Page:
Similarly, a complaint investigation survey conducted on October 24, 2019 found the facility failed to develop and implement interventions to prevent falls. The fact that the facility was found to have failed to implement fall interventions and prevention measures in October 2019 and then again in January 2020 demonstrates an overall failure of the facility to abide by its plan of correction which was submitted following this survey. Another survey conducted on November 12, 2019, found the facility failed to implement interventions to promote healing of residents pressure wounds and related skin alternation injuries.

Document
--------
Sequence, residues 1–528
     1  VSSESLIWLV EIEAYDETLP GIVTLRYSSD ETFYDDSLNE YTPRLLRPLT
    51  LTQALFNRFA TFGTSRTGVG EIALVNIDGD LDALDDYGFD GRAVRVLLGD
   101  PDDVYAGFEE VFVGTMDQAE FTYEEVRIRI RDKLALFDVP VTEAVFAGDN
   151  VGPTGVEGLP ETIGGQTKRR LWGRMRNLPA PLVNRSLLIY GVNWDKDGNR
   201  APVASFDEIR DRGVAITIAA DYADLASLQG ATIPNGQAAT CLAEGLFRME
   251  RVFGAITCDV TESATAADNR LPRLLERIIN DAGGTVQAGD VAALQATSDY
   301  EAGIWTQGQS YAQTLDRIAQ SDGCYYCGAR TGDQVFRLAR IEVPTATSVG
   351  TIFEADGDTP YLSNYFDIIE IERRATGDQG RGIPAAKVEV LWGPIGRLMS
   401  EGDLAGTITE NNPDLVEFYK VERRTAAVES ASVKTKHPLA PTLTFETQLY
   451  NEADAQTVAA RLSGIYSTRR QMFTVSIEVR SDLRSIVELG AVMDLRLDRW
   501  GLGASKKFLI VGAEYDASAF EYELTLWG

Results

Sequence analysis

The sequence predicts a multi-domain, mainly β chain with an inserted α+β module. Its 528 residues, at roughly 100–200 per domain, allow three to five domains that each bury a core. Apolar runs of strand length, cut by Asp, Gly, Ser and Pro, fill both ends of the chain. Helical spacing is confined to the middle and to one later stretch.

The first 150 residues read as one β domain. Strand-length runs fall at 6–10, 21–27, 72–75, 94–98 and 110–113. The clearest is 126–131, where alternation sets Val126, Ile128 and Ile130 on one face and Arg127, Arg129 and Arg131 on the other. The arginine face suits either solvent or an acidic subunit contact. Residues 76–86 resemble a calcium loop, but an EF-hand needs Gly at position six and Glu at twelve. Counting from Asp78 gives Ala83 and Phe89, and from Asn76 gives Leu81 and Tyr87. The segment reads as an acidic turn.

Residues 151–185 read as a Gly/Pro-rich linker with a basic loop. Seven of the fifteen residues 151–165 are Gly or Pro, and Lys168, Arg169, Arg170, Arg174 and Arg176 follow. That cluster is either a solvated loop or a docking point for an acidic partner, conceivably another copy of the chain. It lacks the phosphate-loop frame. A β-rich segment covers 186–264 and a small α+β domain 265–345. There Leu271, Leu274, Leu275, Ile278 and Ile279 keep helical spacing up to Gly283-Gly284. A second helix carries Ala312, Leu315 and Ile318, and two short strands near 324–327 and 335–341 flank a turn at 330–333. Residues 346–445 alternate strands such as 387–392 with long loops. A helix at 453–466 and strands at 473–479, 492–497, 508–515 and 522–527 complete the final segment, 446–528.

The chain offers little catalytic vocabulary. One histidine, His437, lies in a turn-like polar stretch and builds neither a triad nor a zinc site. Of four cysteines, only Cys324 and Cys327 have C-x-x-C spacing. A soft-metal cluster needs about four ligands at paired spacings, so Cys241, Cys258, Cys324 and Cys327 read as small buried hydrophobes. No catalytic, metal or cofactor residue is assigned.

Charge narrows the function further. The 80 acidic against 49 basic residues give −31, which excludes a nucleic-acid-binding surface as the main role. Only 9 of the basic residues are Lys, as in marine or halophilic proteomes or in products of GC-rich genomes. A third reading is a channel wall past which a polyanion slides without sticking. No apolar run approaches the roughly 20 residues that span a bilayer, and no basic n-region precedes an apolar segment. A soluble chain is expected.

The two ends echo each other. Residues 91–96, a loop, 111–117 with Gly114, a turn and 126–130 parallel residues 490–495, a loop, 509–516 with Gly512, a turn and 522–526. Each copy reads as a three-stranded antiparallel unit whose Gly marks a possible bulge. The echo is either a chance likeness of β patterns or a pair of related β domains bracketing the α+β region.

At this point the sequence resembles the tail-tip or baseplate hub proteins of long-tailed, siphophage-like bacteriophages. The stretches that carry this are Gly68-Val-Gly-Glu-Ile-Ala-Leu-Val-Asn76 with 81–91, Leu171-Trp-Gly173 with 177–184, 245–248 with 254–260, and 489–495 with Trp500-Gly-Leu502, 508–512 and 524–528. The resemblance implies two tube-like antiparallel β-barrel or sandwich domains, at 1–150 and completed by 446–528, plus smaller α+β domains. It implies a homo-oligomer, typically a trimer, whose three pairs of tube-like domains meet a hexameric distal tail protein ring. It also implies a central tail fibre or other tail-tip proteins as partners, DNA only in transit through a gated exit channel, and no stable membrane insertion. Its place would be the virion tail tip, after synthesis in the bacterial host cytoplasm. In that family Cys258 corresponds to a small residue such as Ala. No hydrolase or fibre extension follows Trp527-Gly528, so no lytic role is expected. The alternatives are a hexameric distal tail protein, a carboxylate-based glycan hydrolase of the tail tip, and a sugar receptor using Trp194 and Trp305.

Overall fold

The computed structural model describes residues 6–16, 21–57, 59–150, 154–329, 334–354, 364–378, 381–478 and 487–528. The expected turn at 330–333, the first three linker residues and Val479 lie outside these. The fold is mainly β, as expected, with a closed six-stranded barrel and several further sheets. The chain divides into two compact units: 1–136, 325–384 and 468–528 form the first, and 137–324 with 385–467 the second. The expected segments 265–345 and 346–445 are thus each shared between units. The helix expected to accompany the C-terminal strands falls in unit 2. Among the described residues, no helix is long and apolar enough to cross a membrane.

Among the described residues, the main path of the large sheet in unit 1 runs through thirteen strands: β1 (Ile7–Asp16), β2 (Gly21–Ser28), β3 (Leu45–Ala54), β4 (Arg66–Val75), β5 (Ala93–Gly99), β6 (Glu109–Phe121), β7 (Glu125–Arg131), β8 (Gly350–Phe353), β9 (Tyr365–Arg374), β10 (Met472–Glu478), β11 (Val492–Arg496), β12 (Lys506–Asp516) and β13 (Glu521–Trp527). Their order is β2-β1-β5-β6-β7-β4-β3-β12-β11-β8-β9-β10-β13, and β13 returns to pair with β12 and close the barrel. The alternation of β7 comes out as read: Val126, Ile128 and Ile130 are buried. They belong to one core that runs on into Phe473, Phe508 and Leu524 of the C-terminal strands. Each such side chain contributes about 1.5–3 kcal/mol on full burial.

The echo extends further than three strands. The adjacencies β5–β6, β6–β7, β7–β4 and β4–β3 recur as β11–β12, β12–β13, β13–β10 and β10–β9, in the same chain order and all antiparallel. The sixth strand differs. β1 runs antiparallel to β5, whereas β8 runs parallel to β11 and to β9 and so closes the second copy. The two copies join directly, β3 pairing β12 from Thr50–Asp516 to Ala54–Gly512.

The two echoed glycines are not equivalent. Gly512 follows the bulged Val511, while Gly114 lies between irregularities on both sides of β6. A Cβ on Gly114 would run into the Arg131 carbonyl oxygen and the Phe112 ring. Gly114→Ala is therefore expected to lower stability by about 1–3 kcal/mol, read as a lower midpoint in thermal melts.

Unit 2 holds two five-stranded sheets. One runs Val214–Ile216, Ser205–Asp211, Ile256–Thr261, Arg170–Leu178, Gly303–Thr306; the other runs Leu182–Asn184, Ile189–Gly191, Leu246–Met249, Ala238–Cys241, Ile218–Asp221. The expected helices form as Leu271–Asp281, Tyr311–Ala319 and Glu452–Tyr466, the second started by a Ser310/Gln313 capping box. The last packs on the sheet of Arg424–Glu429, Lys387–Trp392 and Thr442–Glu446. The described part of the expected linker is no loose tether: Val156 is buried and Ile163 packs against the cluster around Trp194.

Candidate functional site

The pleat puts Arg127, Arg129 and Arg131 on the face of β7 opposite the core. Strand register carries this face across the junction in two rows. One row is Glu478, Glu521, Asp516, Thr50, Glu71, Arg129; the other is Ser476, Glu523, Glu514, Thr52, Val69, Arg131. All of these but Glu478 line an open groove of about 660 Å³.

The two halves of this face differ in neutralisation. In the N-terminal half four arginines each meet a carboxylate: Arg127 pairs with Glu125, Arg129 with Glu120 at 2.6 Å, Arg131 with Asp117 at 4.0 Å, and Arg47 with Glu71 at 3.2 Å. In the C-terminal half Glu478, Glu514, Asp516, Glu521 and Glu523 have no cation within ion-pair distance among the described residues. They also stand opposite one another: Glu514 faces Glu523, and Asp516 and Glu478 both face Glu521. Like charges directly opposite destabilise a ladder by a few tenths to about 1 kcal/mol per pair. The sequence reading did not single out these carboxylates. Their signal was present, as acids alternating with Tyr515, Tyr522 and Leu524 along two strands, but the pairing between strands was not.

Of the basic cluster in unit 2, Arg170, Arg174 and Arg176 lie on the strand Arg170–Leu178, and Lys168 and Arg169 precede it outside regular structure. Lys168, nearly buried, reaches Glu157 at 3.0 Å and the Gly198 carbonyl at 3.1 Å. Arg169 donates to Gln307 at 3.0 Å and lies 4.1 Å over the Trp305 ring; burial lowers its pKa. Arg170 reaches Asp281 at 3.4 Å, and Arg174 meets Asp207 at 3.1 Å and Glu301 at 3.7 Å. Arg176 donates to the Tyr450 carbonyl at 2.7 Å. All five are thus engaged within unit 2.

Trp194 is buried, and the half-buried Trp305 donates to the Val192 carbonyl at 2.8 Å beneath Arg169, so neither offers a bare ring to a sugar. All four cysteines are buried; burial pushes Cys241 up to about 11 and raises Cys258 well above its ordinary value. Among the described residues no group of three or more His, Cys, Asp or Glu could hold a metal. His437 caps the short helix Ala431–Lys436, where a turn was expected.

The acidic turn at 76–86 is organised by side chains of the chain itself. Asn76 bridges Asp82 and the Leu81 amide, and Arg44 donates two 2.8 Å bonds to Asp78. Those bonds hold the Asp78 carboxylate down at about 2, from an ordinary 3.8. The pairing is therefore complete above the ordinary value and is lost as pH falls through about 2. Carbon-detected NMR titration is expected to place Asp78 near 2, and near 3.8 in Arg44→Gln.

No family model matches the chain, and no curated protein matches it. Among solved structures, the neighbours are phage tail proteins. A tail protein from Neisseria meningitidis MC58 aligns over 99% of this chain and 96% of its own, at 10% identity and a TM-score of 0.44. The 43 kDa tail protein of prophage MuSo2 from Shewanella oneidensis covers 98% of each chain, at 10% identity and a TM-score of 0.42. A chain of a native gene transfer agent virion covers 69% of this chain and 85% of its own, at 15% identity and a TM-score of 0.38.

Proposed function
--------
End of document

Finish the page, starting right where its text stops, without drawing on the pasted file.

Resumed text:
As for recertification, the 2016 survey conducted on June 16, 2016 found Symphony of Joliet failed to provide the necessary care and services to attain or maintain the highest practicable physical, mental, and psychosocial well-being, in accordance with the comprehensive assessment and plan of care. Specifically, one resident who was noted to have chronic kidney disease and a dependence on renal dialysis, however the record at hand provides the facility implemented none of the care plan requirements regarding emergency protocols. Additionally the same survey found the facility failed to clean a resident’s perineal area after an incontinent episode in a manner that would prevent the potential development of infection and further failing to maintain adequate hygiene. Lastly, the 2016 recertification survey found Symphony of Joliet failed to provide a safe, functional, sanitary, and comfortable environment for residents, staff, and the public. Specifically, the record demonstrates the facility failed to provide a clean and sanitary area for food preparation and supply storage.